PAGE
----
Came for the ice and stayed for the chainsaw Veteran ice carvers coached participants during workshop

On Jan. 20, four experienced ice carvers coached seven participants in a day-long ice carving workshop on the front patio of Alberta Avenue Community League.

The group worked collectively on a chair and individually on a series of smaller sculptures to show different aspects of the art.

“You learn so much watching other people do the sculpting,” said Maggie Field, a first-time ice carver.

Ice carving is often a participatory performance art form, said Ritchie Velthuis, a long time member of the Sculptors’ Association of Alberta (SAA). Edmonton has about 10 committed ice carvers. It’s a physically challenging art form, and the SAA wants to encourage more young people to take up the art form.

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One of the goals of the workshop was to train new ice carvers and Velthuis said the SAA has “a long history of professional mentorship.”

Velthuis worked alongside ice carvers Barb Marcinkoski (SAA snow and ice director), Eileen Heidler, and Randall Fraser.

Marcinkoski said, “Ritchie is a plethora of knowledge and a great mentor.”

The workshop was a good opportunity for people to see if they enjoy carving or have an aptitude for it.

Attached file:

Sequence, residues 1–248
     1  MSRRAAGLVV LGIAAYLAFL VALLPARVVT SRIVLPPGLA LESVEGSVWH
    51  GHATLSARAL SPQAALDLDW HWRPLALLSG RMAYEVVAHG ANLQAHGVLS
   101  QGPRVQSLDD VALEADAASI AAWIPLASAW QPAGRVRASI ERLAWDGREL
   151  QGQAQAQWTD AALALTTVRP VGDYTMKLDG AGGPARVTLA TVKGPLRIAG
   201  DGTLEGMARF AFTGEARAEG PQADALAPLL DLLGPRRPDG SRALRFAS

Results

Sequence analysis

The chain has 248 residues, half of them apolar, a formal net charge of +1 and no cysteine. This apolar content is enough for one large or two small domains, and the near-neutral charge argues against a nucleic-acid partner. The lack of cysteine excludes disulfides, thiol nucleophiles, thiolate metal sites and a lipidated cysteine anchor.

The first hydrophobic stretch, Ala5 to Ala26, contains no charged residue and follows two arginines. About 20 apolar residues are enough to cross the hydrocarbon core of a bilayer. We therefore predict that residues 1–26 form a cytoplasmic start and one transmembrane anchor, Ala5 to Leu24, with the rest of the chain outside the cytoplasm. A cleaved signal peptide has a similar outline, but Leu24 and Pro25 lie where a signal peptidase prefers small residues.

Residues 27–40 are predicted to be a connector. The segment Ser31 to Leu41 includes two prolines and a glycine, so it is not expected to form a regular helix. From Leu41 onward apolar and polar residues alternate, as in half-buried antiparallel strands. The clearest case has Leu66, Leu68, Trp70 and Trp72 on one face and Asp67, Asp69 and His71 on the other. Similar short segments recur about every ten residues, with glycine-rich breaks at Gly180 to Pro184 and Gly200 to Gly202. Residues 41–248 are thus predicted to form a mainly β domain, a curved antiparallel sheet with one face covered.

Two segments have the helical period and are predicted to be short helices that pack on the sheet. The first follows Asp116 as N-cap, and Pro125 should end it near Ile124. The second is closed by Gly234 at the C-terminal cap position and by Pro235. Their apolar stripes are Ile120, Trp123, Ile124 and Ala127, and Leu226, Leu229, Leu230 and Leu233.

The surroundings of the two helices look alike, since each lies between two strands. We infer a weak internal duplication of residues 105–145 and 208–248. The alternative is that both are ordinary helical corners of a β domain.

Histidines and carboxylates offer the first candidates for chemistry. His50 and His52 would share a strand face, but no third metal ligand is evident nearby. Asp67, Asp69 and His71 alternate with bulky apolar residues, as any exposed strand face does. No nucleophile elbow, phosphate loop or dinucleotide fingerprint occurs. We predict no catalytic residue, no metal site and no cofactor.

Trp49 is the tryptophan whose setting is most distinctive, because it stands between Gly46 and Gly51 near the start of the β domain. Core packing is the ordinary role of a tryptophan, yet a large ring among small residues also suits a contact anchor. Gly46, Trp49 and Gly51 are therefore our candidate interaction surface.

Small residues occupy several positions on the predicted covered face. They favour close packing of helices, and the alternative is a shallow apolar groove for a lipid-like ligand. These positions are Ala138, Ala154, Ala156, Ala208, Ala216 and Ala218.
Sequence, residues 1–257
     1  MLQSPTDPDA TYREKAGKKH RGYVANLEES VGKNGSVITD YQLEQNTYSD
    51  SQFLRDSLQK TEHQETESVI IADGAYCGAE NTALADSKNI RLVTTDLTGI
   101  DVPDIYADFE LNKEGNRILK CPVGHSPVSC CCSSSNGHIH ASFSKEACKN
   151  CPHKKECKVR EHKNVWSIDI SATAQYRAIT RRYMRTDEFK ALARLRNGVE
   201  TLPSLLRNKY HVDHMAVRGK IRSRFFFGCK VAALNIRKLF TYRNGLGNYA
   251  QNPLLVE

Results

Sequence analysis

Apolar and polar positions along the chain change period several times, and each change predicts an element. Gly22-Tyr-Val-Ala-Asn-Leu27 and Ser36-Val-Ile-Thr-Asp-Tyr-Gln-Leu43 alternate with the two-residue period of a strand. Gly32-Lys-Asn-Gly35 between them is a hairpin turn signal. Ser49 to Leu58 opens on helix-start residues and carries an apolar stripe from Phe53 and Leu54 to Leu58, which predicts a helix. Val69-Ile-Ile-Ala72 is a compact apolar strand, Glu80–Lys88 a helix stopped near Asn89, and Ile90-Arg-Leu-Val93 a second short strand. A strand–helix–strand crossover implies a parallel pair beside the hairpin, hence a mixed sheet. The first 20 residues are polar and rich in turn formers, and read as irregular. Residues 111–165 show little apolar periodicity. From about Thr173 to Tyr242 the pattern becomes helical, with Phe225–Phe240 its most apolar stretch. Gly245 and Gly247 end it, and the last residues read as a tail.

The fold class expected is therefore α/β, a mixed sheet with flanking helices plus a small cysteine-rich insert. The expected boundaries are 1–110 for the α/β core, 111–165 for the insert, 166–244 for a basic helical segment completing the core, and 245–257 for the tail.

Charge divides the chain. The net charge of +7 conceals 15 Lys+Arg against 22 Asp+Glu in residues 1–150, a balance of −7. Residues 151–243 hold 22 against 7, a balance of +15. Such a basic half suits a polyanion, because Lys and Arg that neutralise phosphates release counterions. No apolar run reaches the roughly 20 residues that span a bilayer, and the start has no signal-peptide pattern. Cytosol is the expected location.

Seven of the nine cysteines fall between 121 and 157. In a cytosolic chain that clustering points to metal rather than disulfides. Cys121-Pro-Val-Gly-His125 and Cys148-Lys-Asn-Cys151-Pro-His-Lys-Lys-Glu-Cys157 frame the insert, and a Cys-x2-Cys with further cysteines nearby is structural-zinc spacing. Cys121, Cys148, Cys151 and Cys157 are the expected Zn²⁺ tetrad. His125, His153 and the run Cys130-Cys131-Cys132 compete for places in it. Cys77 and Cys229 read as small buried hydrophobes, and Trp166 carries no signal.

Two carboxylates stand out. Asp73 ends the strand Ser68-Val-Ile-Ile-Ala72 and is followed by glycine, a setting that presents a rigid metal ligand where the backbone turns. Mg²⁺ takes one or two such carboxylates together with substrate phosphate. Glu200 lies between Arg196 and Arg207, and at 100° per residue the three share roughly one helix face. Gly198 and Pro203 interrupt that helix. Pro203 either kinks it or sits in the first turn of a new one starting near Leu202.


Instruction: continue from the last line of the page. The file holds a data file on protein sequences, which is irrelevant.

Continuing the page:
Field sculpted a question mark. “This was my first ice sculpture and I didn’t know if I could do it.” She added, “It’s basically getting out in the snow and playing all day.”

Melissa Wolfinger, a new SAA member, has been drawing as an artistic pursuit and this was her first time sculpting.

“It is a challenge taking something 2D and making it 3D. I had it all drawn out, and it looked beautiful,” Wolfinger laughed, gesturing at her sculpture. Despite what she said was a challenging day, “I 100 per cent want to do this again.”

The SAA has a comprehensive tool library, which was useful to the workshop attendees.

Field said her goal “was to try a lot of tools.”

Jeremy McConville, who mostly sculpts snow but is learning ice carving, took the workshop to “see what tools I need to buy.” He used a hardened steel tool from Japan to shave the lines into the shell sculpture he created.

Wolfinger joked, “Everyone should try [ice carving] at least once to use the chainsaw.”

Anyone is welcome to join the SAA. They hold monthly meetings with featured guest speakers and may hold another workshop in February or March. Find more information about the SAA and upcoming events by visiting sculptors-alberta.com/ice-snow.

Featured Image: Jeremy McConville worked on a shell sculpture during the workshop. | Rebecca Lippiatt

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